The average American, whether they do it or not, knows that exercising regularly is important to health and longevity. However, most people in the west do not realize an easy way to make their workout more effective:
Breathing properly helps to oxygenate your muscles and improve your athletic performance. Beyond that, and applicable even when you aren’t exercising, breathing properly can help you control stress, lower blood pressure, help you to focus, and balance your nervous system. All this from a basic physical activity.
Most people, though, don’t breathe properly and don’t know that they aren’t breathing properly. How do you know if this applies to you? Some signs of improper breathing include, frequent sighing, breathing through your mouth, upper chest breathing, erratic breathing, and “chronic rhinitis (nasal congestion and runny nose).”
So, what is proper breathing? One method is called the Buteyko Method which includes nose breathing, breath control, and relaxation. Other researchers advocate including diaphragmatic breathing as part of a healthy breathing pattern.
Nose breathing is useful for several reasons, including that your nose contains nitric oxide, which has antibacterial properties. Additionally, nitric oxide is also a bronchodilator and vasodilator. Essentially, what this means is that nitric oxide helps your lungs to breathe with less obstructions and widens the blood vessels in the body.
Additionally, breathing through your nose is helpful while exercising because it helps to control your heart rate and blood pressure. Because elevated heart rate and blood pressure can cause fatigue and dizziness, re-training yourself to breathe through your nose can help your endurance and athletic performance over time.
Many people do not realize that diaphragmatic breathing is an effective (and non-drug) method to control stress in the body. Geoff Neuport writes in Men’s Health Magazine:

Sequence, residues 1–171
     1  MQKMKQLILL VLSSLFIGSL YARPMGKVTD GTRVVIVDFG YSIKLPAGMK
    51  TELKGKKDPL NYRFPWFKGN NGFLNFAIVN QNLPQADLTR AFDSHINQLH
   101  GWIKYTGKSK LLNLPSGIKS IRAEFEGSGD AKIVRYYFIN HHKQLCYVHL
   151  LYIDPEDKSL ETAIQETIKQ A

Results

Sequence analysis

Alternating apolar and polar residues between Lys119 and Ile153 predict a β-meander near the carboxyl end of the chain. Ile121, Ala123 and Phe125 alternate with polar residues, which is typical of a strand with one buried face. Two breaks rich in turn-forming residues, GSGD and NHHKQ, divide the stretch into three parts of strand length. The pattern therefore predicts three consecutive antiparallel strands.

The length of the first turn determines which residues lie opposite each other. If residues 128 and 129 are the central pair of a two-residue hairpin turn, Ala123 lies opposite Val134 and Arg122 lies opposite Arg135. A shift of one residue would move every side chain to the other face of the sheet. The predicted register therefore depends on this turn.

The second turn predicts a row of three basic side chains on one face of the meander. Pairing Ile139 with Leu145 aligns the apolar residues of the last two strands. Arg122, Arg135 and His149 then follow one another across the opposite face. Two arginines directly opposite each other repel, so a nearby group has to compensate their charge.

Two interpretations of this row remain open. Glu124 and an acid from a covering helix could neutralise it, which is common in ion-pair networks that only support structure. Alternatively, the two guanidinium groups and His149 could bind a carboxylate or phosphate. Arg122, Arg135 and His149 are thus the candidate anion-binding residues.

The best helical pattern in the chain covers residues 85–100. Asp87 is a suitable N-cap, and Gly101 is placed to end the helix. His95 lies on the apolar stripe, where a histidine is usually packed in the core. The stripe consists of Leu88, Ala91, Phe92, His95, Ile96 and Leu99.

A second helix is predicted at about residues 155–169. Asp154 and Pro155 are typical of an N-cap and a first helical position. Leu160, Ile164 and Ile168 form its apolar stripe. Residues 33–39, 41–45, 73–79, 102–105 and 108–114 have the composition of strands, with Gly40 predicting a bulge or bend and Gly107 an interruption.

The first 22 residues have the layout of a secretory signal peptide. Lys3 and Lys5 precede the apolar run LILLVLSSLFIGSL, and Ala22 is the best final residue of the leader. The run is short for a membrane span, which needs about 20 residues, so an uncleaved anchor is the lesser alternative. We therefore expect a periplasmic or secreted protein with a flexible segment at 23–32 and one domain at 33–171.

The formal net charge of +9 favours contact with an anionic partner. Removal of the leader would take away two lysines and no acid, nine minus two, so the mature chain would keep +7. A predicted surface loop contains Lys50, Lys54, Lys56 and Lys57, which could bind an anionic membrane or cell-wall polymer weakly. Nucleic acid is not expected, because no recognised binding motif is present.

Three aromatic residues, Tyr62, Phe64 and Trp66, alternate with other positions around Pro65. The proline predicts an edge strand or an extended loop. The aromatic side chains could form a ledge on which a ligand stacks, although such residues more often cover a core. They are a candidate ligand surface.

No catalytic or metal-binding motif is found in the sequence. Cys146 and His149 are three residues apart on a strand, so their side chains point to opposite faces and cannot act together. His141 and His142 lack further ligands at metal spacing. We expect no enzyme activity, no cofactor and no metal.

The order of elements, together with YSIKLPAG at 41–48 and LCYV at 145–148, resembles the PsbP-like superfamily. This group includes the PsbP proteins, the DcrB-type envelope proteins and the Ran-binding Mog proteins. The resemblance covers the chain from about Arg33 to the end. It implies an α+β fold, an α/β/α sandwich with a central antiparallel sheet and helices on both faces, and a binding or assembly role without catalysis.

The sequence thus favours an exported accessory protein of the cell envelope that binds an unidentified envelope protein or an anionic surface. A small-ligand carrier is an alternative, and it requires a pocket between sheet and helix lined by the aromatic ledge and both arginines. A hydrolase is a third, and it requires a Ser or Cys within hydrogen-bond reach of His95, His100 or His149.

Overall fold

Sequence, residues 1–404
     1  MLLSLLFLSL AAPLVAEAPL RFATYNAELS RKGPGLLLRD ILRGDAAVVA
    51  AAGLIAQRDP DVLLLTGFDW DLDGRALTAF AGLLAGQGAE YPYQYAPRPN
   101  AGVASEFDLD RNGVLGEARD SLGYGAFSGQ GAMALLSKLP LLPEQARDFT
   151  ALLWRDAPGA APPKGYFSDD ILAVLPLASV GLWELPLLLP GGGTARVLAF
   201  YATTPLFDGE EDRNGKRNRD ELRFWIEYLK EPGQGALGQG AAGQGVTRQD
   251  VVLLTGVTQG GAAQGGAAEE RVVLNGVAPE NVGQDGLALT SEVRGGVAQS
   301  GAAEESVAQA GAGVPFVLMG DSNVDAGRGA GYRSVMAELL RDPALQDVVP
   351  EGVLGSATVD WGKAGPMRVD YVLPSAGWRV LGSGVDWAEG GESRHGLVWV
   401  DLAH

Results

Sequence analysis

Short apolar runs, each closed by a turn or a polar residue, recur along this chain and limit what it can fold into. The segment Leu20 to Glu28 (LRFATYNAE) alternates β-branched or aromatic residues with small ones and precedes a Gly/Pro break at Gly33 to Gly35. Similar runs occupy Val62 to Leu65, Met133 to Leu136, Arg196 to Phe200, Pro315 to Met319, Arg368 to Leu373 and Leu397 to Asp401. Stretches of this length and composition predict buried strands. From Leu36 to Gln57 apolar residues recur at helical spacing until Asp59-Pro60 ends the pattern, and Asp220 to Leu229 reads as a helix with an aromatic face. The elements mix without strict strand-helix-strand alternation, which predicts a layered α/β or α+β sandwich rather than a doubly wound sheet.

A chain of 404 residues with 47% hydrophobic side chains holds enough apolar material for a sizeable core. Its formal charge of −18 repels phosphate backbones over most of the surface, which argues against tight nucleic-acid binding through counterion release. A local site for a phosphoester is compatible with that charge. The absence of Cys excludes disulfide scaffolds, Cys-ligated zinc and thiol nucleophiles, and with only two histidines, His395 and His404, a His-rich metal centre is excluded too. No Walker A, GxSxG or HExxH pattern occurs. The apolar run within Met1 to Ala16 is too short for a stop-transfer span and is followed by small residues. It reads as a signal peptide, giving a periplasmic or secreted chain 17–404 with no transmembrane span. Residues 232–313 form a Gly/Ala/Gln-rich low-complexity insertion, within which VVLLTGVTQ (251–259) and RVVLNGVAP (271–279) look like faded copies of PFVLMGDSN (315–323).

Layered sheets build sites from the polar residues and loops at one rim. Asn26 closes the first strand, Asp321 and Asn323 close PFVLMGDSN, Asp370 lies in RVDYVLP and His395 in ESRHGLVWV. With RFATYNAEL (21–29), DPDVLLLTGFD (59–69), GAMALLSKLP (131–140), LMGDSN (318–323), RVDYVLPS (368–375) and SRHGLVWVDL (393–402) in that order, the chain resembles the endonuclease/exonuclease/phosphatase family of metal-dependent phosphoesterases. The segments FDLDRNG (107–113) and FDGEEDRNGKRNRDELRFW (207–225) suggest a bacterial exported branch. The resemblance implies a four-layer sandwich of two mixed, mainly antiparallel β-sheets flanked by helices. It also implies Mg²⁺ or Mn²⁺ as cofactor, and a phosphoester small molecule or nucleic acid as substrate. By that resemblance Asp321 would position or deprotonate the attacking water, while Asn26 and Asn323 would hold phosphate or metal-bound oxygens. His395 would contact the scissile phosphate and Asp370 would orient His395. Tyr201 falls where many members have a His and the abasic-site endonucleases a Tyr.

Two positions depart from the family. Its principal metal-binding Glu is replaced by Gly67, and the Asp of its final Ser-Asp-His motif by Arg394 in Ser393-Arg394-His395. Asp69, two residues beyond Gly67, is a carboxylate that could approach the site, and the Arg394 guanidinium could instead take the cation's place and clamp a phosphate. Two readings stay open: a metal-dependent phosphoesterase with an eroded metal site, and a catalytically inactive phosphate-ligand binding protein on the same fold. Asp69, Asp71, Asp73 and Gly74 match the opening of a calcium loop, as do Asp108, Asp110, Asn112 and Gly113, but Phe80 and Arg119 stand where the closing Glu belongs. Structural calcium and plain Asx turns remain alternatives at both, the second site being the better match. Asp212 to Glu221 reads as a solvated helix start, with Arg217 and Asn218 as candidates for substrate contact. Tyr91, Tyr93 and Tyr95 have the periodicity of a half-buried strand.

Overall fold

“[T]here are some important benefits to regularly practicing diaphragmatic breathing. You can do it to replace a workout when you’re overly stressed… or you can do it at the end of your workout… Here’s how to do it: Pick a comfortable position to lie down, either on your stomach or on your back. Then close your eyes, think about your favorite vacation, and just breathe for the next 5 minutes or more.
You’ll be surprised by not only how good you feel after you’ve done it, but by how well you’ll sleep that night and how recovered you’ll feel for your next workout. Sure, diaphragmatic breathing may not be ‘killer,’ but it might just be what you need to end a killer day.”
In other words, taking the time to relax and breathe using your diaphragm can redirect both your thinking and your physiological response to stressful situations and everyday life stress. The additional benefits of diaphragmatic breathing on sleep and workout recovery will spill over into your following workouts and enable you to step up your performance. Men’s Health also incorporating abdominal breathing exercises into your pre-exercise warm-up and post-exercise cool-down routines.
In short, learn proper breathing through your nose, using your diaphragm, and incorporating relaxation to help your exercise and your overall health.